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Katherine L. Horgan, David M. Schultz, John E. Hales Jr., Stephen F. Corfidi, and Robert H. Johns

Abstract

A 5-yr climatology of elevated severe convective storms was constructed for 1983–87 east of the Rocky Mountains. Potential cases were selected by finding severe storm reports on the cold side of surface fronts. Of the 1826 days during the 5-yr period, 1689 (91%) had surface fronts east of the Rockies. Of the 1689 days with surface fronts, 129 (8%) were associated with elevated severe storm cases. Of the 1066 severe storm reports associated with the 129 elevated severe storm cases, 624 (59%) were hail reports, 396 (37%) were wind reports, and 46 (4%) were tornado reports. A maximum of elevated severe storm cases occurred in May with a secondary maximum in September. Elevated severe storm cases vary geographically throughout the year, with a maximum over the south-central United States in winter to a central and eastern U.S. maximum in spring and summer. A diurnal maximum of elevated severe storm cases occurred at 2100 UTC, which coincided with the diurnal maximum of hail reports. The wind reports had a broad maximum during the daytime. Because the forecasting of hail from elevated storms typically does not pose as significant a forecast challenge as severe wind for forecasters and tornadoes from elevated storms are relatively uncommon, this study focuses on the occurrence of severe wind from elevated storms. Elevated severe storm cases that produce only severe wind reports occurred roughly 5 times a year. To examine the environments associated with cases that produced severe winds only, five cases were examined in more detail. Common elements among the five cases included elevated convective available potential energy, weak surface easterlies, and shallow near-surface stable layers (less than 100 hPa thick).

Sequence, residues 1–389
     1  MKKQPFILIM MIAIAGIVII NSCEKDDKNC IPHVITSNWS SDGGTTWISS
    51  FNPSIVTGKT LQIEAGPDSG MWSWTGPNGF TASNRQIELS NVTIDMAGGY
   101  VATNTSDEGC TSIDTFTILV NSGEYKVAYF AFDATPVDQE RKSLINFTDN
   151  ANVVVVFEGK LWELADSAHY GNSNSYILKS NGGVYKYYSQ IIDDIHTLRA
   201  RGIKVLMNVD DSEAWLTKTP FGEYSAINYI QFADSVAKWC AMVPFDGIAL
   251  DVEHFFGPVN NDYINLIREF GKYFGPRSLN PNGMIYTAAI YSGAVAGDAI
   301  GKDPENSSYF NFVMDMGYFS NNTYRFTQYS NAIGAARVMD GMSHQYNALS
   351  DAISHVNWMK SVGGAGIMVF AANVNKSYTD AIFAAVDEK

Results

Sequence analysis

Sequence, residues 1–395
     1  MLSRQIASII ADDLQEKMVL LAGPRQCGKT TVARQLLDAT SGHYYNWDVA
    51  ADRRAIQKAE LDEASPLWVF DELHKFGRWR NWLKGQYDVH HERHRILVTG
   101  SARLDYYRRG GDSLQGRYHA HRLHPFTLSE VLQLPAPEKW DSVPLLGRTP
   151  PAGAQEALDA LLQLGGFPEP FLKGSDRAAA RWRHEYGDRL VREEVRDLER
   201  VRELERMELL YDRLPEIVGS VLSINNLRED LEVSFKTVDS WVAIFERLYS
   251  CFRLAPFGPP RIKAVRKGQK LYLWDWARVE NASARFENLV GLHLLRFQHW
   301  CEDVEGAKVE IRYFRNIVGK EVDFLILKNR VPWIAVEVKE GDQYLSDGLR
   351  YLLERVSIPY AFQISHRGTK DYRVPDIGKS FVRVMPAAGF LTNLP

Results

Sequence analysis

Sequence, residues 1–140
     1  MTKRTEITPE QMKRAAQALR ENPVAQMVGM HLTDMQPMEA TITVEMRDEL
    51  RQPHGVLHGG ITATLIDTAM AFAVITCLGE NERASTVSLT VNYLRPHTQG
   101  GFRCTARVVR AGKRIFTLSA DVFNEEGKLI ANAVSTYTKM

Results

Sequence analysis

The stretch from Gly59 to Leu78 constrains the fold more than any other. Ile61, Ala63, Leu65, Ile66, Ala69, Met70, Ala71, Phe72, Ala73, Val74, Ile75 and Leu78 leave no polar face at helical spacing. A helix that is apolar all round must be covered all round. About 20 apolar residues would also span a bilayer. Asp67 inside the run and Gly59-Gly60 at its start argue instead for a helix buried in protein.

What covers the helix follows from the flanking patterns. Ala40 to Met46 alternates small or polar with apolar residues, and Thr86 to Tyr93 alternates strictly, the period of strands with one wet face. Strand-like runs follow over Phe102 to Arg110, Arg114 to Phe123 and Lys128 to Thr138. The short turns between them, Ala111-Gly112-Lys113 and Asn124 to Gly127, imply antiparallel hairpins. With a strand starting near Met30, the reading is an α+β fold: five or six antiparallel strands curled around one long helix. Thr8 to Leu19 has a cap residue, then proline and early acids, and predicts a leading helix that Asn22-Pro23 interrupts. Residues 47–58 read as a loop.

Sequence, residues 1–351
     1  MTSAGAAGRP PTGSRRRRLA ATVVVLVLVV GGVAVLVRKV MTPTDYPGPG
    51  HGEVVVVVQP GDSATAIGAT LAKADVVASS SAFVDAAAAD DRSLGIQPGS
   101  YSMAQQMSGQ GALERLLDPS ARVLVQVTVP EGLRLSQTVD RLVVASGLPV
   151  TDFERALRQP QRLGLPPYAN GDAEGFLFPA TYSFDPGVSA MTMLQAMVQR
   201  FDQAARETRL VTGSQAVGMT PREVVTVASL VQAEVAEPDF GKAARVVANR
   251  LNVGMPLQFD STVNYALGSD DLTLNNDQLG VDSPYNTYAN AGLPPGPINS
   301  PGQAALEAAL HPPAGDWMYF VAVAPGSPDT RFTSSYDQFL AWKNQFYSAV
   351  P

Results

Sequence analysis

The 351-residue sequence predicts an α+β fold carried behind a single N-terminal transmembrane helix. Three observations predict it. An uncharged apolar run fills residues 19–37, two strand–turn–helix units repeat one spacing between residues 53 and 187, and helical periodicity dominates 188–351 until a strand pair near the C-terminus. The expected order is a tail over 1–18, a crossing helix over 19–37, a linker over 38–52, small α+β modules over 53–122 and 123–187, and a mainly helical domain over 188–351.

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Matthew S. van den Broeke, David M. Schultz, Robert H. Johns, Jeffry S. Evans, and John E. Hales